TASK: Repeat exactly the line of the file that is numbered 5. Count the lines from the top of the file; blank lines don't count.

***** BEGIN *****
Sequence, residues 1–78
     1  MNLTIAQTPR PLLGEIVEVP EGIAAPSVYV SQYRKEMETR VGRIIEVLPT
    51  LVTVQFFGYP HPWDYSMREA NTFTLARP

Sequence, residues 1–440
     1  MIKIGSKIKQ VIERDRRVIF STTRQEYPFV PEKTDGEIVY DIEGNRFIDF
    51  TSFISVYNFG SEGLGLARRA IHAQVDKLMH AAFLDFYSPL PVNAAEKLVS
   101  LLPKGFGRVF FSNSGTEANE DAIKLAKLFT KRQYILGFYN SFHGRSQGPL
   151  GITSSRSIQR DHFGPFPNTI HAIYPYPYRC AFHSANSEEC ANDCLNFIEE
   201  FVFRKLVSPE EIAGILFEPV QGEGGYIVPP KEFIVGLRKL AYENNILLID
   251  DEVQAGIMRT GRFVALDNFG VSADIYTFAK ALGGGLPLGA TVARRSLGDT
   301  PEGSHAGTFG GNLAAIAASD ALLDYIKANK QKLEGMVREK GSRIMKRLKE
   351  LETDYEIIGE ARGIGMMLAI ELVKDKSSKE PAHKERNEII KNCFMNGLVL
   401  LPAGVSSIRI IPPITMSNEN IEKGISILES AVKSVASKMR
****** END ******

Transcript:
     1  MIKIGSKIKQ VIERDRRVIF STTRQEYPFV PEKTDGEIVY DIEGNRFIDF